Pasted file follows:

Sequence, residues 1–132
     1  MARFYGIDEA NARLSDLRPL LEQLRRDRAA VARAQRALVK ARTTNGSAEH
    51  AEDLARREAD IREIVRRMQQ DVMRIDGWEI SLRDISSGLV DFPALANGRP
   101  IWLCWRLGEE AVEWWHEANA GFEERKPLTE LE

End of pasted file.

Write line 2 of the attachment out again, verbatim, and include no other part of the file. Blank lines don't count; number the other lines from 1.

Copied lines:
     1  MARFYGIDEA NARLSDLRPL LEQLRRDRAA VARAQRALVK ARTTNGSAEH